The Steelers are 4-8 when playing the Raiders on the road, with the last one being a 20-13 Oakland win in 2006.
Obviously, those teams are a bit different now. One thing they have in common, though, is the lack of ability to run the football consistently.
The Steelers and Raiders rank 30th and 31st in the NFL, respectively, in rushing yards per game (70.5 and 34.0), and are 30th and 32nd, respectively, in yards per carry (2.6 and 2.0).
Week 3 Coverage: | Steelers Out West | Run Game | Carson Palmer | Raiders At A Glance |Oakland CBs | Five Burning Questions | Four Best Hours | Thursday Injury Report | Replacement Officials
When Oakland has the ball:
The Steelers' run defense has not been at the level we've seen it in recent years. The Jets gashed them for 4.1 yards per carry in Week 2 and the Broncos ran effectively in doses in Week 1, helping to keep the safeties on their toes. Expect Oakland to attempt the same kind of strategy - even if their running game has been abysmal through two games.
They're going to need to try to duplicate what Denver did if they want to get quarterback Carson Palmer and his receivers some room to work. Look for a battle between Raiders C Stefan Wisniewski and guards Mike Brisel and Cooper Carlisle and Steelers base nose tackle Casey Hampton. Neither side has performed well to this point this season, and both will be challenged to improve in this game.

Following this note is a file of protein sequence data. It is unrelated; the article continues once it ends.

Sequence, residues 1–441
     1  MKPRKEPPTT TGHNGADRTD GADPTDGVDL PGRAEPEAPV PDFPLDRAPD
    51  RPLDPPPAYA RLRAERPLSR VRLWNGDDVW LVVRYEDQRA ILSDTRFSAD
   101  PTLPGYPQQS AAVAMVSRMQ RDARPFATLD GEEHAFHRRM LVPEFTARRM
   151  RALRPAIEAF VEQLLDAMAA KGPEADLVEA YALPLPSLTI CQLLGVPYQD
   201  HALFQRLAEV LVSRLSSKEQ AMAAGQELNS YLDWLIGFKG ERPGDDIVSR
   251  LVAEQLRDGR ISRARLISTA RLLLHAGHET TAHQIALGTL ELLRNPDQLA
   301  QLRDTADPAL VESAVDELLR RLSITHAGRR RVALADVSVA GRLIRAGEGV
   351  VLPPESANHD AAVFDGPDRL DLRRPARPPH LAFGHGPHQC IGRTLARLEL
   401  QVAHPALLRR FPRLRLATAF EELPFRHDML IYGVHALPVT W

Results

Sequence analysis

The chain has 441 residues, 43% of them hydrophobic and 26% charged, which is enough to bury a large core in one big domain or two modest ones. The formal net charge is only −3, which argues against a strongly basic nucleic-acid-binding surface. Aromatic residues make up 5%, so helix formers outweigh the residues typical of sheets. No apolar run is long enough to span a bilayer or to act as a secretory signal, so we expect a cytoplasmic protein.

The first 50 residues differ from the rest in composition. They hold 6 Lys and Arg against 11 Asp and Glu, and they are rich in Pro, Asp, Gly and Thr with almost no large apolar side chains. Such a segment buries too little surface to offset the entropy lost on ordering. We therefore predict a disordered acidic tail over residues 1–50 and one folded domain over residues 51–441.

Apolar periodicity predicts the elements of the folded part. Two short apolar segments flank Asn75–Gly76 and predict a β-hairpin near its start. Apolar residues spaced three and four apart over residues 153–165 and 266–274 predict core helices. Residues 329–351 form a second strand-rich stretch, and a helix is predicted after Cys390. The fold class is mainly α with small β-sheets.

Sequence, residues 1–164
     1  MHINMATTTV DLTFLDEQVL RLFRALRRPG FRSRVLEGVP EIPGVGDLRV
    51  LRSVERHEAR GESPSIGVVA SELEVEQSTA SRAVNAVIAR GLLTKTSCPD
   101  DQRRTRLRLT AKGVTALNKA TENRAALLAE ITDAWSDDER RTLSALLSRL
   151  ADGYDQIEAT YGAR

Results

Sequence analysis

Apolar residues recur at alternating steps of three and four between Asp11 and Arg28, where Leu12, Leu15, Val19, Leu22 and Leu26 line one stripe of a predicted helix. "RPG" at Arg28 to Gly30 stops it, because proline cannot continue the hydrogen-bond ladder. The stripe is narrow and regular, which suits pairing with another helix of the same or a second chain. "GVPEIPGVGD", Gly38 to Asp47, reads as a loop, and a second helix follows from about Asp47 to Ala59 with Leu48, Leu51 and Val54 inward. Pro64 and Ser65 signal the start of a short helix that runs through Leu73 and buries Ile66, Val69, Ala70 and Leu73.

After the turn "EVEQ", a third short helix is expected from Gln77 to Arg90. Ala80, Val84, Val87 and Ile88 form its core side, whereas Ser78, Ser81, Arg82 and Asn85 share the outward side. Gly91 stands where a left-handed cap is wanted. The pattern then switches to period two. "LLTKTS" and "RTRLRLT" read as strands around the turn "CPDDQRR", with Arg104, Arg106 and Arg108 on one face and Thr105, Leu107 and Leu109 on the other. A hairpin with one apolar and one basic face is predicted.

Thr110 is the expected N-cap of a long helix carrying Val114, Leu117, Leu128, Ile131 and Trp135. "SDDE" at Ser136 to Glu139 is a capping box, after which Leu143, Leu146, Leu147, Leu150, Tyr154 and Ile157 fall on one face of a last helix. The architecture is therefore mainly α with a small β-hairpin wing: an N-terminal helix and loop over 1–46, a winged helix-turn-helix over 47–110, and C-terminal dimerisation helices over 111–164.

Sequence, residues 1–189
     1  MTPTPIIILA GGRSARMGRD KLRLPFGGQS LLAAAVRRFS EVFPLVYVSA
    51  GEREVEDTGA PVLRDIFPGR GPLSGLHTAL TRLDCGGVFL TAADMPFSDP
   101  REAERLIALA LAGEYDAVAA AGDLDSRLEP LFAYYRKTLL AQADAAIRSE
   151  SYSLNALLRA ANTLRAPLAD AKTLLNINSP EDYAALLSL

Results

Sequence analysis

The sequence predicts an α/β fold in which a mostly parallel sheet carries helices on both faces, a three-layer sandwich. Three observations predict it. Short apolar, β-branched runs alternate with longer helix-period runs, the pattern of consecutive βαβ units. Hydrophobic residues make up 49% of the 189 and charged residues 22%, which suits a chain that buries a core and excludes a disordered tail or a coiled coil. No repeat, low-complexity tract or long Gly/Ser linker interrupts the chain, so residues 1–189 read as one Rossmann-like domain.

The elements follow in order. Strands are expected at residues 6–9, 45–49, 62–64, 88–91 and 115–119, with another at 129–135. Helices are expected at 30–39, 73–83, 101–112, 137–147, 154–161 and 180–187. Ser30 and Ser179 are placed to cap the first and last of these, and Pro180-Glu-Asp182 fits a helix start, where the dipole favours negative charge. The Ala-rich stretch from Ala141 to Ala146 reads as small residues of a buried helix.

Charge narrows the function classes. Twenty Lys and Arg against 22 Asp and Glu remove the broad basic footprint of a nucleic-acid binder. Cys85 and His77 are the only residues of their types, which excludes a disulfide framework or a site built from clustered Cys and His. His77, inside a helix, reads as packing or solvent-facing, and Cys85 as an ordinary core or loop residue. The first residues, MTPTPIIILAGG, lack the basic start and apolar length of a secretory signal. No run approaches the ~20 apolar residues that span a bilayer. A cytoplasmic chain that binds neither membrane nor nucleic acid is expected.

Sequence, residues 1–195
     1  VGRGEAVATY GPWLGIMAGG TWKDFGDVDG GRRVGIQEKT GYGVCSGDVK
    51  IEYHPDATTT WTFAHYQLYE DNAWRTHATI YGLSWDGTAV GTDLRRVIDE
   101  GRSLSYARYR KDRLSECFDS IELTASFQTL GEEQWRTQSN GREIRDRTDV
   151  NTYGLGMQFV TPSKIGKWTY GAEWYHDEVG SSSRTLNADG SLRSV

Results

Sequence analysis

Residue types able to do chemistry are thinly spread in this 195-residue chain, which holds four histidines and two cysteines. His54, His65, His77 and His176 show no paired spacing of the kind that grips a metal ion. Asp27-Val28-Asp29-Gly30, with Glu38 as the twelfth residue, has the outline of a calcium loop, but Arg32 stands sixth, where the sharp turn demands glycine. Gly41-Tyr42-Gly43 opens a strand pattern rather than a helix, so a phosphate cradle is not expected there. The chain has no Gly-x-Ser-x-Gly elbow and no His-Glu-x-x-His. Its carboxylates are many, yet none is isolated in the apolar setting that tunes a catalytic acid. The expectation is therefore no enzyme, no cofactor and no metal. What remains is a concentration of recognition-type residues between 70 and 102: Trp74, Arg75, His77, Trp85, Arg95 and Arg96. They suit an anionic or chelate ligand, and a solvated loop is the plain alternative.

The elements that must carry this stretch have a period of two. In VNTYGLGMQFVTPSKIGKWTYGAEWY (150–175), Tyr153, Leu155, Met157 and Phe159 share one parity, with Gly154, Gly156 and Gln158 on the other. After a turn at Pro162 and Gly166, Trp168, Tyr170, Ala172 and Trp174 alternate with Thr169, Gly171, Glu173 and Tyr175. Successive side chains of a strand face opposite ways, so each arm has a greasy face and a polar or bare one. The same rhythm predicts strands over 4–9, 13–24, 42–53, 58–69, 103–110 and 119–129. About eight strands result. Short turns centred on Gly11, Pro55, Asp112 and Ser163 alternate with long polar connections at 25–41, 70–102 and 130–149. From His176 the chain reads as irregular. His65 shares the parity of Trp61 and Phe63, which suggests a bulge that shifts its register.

When Pittsburgh has the ball:
If they've been waiting for a breakout game from their beleaguered running unit, this one is a good opportunity. Oakland has been equally gashed on the ground, allowing 147 yards per game and 4.7 yards per carry. While the Steelers' failures on the ground have been as much their own doing as their opponents, a strong week of practice and more repetition to work out kinks could give them a boost on the ground.
Expect the Steelers to approach this game with balance in mind. They'll likely run the ball on early downs to set up advantages against Oakland's depleted secondary and the Steelers' trio of outstanding receivers. The Raiders don't have the players to stick with the Steelers in man coverage, and will employ mostly zone against them. Expect the Steelers to use Steelers QB Ben Roethlisberger conservatively, knowing the key will be to possess the ball and move the chains.
Raiders Special Teams:
Oakland's return units are decent, with punt returner Phillip Adams displaying some ability so far this year. The real concern, though, is they have the best kicker and punter combination in the NFL. P Shane Lechler is consistently the best in the game, and is arguably one of the best of all time. The Raiders can be dangerous in low-scoring games of field position.
Sebastian Janikowski still has one of the strongest legs in the game, and can hit field goals of 50+ yards with ease. The Steelers shouldn't expect many returns on kickoffs, either. He'll bang it through the back of the end zone with the best of them.
Steelers Special Teams:
Steelers K Shaun Suisham hit twin 45-yard field goals last week, as he is off to a strong start in 2012. His kickoffs have been solid as well, and to this point, he's erased some of the doubt cast over him before this season.
Rookie P Drew Butler has been impressive as well, with four of his eight punts landing inside the opponents' 20-yard line with no touchbacks. While his gross (43.4) and net (39.) averages are 29th and 16th best, respectively, in the NFL, his placement has been outstanding in his first season.